Also, I got rid of the vertical bars in the fun1_log calls. I’m not 100% sure the syntax rules on those, but the way you’re using those functions is just like normal functions so they’re not needed.

I also make the last argument to both functions a real instead of a vector (since they’re only being passed one sigma), and then updated the sigma references in the function calls as well.

Functions with _log suffix do not use vertical bars, that syntax is a quirk of _lpdf functions. Also the bars are kind of stupid because they always assume your distribution is univariate. You’d have to put the bar after the first argument even if you’re trying to define the joint density of two variables.

You don’t need to wrap your densities in functions. You can just write the expression inside log_mix. Also I think it’s clearer if you use explicit control flow instead of that multiply-by-zero trick.

for (n in 1:N) {
if (index[n] == 0) {
target += log_mix(p, normal_lpdf(y[n]|mu1, sigma),
normal_lpdf(y[n]|mu2, sigma));
} else {
target += log_mix(p, normal_lccdf(y[n]|mu1, sigma),
normal_lccdf(y[n]|mu2, sigma));
}
}


By the way, those inverse gamma priors for sigma are pretty bad, you should consider something weakly informative instead.

2 Likes

Thanks for your answer. And It seems that you DID give a better improvement.
However, a new problem about initial value is put forward, which i also saw before:

Chain 1: Rejecting initial value:
Chain 1:   Log probability evaluates to log(0), i.e. negative infinity.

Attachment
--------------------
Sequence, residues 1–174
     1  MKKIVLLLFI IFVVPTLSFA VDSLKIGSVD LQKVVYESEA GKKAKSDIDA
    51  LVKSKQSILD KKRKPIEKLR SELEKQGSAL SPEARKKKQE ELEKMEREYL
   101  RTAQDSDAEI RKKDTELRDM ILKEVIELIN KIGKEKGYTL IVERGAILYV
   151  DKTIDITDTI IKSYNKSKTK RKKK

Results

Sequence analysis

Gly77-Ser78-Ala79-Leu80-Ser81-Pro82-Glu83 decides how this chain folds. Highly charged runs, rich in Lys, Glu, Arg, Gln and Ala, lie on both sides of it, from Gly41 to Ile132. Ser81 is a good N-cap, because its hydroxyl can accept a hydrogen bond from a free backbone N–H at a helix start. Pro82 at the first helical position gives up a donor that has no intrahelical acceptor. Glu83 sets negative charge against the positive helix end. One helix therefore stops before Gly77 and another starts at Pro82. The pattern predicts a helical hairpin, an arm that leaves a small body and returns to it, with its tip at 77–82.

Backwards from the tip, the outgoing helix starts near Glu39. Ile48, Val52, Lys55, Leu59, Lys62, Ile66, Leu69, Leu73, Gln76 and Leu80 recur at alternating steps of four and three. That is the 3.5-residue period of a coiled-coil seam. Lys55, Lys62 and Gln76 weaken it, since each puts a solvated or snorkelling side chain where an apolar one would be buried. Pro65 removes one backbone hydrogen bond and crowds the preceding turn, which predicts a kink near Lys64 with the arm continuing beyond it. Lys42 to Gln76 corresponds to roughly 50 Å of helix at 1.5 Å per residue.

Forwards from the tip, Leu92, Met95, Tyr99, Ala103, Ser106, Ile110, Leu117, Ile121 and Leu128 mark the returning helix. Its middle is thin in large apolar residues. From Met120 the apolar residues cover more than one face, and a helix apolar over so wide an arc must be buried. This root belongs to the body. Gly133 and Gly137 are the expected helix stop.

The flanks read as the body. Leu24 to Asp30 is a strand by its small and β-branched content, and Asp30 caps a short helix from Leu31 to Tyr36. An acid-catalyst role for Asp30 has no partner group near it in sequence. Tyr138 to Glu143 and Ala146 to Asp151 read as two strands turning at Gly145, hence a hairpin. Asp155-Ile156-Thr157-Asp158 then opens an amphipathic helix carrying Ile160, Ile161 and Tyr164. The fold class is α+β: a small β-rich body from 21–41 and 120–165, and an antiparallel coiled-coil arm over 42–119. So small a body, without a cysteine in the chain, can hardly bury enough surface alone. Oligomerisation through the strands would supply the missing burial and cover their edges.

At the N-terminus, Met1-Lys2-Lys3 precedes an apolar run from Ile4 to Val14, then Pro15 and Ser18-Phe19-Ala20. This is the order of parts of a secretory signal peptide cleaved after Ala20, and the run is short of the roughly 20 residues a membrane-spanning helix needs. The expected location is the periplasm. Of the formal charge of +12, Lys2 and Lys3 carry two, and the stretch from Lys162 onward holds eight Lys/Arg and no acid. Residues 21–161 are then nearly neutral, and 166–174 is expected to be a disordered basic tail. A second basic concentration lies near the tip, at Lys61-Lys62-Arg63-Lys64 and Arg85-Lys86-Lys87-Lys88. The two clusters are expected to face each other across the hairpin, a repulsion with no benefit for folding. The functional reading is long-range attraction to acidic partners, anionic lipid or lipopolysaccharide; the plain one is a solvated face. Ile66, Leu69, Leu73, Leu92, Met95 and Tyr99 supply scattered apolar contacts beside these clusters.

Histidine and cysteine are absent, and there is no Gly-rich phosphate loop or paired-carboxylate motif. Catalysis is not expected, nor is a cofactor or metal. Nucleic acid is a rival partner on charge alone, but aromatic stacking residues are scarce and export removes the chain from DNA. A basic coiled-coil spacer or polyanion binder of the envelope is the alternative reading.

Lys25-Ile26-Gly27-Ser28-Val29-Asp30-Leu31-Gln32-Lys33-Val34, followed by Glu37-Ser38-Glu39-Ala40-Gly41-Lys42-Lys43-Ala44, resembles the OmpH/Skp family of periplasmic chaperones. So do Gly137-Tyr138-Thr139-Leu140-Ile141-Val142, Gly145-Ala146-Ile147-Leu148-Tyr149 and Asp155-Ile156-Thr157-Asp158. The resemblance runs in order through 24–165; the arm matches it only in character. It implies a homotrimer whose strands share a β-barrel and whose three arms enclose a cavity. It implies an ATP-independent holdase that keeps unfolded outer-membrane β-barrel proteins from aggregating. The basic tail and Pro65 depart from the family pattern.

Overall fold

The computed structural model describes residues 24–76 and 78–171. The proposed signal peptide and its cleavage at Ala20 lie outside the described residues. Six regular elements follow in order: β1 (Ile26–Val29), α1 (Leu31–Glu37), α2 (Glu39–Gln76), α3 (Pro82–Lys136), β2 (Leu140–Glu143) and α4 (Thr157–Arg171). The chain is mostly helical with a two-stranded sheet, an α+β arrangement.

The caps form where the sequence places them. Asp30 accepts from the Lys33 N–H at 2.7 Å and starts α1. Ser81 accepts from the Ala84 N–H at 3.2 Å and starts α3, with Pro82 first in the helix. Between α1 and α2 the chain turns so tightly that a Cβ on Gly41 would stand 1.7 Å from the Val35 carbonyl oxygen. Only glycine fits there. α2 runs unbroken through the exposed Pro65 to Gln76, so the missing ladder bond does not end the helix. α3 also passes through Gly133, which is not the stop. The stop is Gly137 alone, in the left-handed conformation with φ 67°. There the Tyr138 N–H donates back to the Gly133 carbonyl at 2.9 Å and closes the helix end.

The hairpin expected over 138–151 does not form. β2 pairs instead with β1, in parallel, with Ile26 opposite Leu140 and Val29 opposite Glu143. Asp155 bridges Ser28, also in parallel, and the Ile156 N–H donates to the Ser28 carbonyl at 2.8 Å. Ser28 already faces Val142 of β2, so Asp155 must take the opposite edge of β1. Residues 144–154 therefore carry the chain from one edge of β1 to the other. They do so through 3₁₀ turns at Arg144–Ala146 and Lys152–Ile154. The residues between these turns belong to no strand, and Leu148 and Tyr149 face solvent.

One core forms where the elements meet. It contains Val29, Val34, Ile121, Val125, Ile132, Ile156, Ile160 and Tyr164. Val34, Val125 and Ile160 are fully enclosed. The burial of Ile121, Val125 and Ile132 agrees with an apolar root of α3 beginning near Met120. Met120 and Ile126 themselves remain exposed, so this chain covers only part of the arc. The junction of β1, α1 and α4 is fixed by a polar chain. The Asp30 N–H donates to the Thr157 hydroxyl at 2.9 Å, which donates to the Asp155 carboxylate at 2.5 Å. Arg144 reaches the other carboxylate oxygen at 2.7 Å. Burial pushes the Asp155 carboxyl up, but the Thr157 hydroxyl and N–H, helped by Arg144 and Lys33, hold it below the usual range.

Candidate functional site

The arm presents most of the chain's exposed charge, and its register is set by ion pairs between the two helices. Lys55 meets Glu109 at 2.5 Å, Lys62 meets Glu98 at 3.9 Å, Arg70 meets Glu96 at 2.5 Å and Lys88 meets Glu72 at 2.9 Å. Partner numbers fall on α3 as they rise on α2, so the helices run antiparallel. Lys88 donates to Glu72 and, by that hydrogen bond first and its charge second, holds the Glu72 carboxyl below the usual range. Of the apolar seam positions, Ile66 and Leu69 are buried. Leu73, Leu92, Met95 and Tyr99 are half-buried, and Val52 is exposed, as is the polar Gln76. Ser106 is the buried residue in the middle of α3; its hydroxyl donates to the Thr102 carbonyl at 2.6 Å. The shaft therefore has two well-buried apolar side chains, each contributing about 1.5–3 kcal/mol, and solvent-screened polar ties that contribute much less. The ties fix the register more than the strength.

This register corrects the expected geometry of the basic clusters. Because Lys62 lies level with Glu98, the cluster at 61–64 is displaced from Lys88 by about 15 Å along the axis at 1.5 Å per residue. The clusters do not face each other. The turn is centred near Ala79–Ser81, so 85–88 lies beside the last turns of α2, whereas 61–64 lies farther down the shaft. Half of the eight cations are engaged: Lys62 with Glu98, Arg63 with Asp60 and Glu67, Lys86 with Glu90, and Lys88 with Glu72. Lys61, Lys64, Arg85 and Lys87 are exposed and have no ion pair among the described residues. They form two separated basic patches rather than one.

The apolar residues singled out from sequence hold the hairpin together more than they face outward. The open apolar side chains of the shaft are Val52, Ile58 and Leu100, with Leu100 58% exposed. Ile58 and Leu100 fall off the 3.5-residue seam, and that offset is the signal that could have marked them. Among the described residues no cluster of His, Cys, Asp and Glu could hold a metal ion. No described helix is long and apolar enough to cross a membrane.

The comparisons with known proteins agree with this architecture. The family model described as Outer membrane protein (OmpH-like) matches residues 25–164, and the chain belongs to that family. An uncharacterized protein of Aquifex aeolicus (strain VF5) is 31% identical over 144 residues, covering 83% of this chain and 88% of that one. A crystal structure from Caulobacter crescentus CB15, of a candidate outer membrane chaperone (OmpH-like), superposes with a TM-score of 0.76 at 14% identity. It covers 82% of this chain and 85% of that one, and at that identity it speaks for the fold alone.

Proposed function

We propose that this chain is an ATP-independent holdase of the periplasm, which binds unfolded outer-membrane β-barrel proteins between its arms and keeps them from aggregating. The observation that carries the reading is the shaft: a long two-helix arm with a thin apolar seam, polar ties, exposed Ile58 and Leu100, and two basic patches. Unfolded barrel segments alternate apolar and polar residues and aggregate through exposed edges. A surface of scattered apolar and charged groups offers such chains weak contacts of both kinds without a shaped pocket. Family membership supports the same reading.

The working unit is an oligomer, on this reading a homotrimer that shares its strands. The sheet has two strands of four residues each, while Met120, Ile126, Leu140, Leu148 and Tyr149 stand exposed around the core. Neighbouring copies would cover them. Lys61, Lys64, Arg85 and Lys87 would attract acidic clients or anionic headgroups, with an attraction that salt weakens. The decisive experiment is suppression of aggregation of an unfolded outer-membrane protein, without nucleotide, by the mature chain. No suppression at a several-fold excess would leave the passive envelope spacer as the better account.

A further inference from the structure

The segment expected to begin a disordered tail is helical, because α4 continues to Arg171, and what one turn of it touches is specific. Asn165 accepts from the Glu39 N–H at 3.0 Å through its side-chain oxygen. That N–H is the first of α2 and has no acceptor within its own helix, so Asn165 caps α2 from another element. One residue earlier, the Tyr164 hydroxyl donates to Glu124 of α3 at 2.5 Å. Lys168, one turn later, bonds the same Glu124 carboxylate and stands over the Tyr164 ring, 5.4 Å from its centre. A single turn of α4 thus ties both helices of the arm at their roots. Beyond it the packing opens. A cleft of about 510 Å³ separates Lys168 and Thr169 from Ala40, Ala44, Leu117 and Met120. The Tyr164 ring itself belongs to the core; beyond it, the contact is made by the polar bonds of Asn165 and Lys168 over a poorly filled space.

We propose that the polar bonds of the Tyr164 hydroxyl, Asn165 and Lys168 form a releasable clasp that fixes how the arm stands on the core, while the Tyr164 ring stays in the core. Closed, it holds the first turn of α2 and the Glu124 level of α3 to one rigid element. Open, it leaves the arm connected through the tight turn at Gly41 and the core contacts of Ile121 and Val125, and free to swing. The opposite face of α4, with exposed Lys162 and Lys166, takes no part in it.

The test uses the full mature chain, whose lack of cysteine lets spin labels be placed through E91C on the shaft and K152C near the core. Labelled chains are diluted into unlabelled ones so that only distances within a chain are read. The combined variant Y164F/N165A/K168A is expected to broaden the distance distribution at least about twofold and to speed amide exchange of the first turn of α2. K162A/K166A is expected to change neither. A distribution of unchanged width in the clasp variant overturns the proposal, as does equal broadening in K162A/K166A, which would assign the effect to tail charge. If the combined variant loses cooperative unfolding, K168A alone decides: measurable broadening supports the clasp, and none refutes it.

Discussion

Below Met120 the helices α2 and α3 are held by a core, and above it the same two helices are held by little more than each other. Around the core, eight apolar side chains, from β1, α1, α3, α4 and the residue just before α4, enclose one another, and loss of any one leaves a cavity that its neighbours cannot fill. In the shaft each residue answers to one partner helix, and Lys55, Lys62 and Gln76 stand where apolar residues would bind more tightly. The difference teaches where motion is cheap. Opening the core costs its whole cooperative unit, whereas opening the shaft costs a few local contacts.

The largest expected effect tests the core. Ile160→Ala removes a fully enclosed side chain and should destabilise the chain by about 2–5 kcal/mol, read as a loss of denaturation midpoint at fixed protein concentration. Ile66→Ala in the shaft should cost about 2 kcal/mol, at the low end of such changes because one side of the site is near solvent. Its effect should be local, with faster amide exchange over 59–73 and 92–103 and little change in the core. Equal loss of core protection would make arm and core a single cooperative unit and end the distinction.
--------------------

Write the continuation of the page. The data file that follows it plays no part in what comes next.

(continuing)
Chain 1:   Stan can't start sampling from this initial value.
Chain 1: Initialization between (-2, 2) failed after 100 attempts.
Chain 1:  Try specifying initial values, reducing ranges of constrained values, or reparameterizing the model.
 "Error in sampler\$call_sampler(args_list[[i]]) : Initialization failed."
error occurred during calling the sampler; sampling not done


Since I am a fresher about stan, i know little about debugging. How can I solve it? Thanks again!

Right, Stan always starts by computing the log likelihood of a guess where all parameters have values near zero. Your priors for mu are about 25 standard deviations away from that. It should work anyway but those cumulative probability functions have a bug that makes them fail when the guess is too far off.
You can use the initargument when calling Stan to start at a different guess but if you’re have the newest Stan you should just set the parameter offsets to their expected value.

parameters {
real<offset=50>  mu1;
real<offset=120>  mu2;
...
}

1 Like

Yes, just after replying you, i noticed that init argument does have a influence for the computation the log likelihood. So i change init argument with different values. So of them are available, while most of them are useless which result in log(0) . As a result，I think a proper init value in important!

Besides, I write code with R environment and the corresponding stan is rstan. I will try to add offset=x to parameters chunks.